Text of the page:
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Where Consumers Lead, Retailers Should Follow

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Retailers have used kiosks for decades to sell products and provide services, and kiosks have evolved to enable new levels of capabilities and customer conveniences. How do you expect the technology to continue to develop in the near future and how might using such solutions impact retailers’ relationships with their customers?

Self-service in retail is nothing new. A famous example from the restaurant sector is the Automat restaurant chain, which was hugely popular in New York and other cities in the early 1900s. Diners inserted nickels in a window slot to allow them to access their meal. The format was hugely popular, but died out due to the rise of fast food, which provided value-conscious consumers with more choice, and a more flexible way of paying - which was crucial in an age where inflation meant a single nickel didn’t buy much any more.


Things have changed a lot since those days. Consumers are now offered a much wider range of products, and the technology has evolved to an extent that payments can be completely invisible. In addition, the growth and impact of eCommerce on consumer expectations means that many customers, especially younger generations, now prefer self-service purchasing.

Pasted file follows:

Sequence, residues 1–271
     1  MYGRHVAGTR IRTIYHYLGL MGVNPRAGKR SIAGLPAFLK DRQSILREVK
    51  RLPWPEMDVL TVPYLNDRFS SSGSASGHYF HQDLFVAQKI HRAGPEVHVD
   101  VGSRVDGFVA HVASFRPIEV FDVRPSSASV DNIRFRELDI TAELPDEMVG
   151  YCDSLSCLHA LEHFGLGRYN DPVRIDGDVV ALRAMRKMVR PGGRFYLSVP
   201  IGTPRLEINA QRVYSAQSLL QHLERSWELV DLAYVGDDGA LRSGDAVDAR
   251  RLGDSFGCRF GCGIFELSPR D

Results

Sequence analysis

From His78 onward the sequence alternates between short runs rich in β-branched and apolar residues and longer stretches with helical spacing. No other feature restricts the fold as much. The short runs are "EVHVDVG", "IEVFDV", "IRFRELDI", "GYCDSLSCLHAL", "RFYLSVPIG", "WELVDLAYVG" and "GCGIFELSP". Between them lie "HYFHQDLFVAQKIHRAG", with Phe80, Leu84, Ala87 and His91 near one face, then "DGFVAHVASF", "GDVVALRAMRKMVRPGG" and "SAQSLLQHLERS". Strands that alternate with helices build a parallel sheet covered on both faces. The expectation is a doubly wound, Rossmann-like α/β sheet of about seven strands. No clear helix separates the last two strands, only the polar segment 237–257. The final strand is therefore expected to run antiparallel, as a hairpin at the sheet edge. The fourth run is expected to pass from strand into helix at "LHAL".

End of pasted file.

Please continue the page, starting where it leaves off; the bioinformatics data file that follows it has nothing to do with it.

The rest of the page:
I expect self-service technology to continue the trend of merging the physical and digital worlds. The online experience will shape in-store expectations. Consumers these days have a digital identity and a digital footprint, which all retailers need to engage with. Retailers' future relationships with customers will need to built upon on a blend of coordinated digital and in-person touch-points, and bricks-and-mortar retailers need to invest in that omni-channel approach to keep up. The real lesson from the Automat example is that consumers lead the market, and the retailers who fail to follow consumer expectations risk being left behind.

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About Author

John Clarke
John Clarke

John Clarke is the CEO of Worldnet Payments. He is a founder of the company, and can be found in Dublin, Ireland whenever he's not in Atlanta or New York or San Francisco or Las Vegas ....

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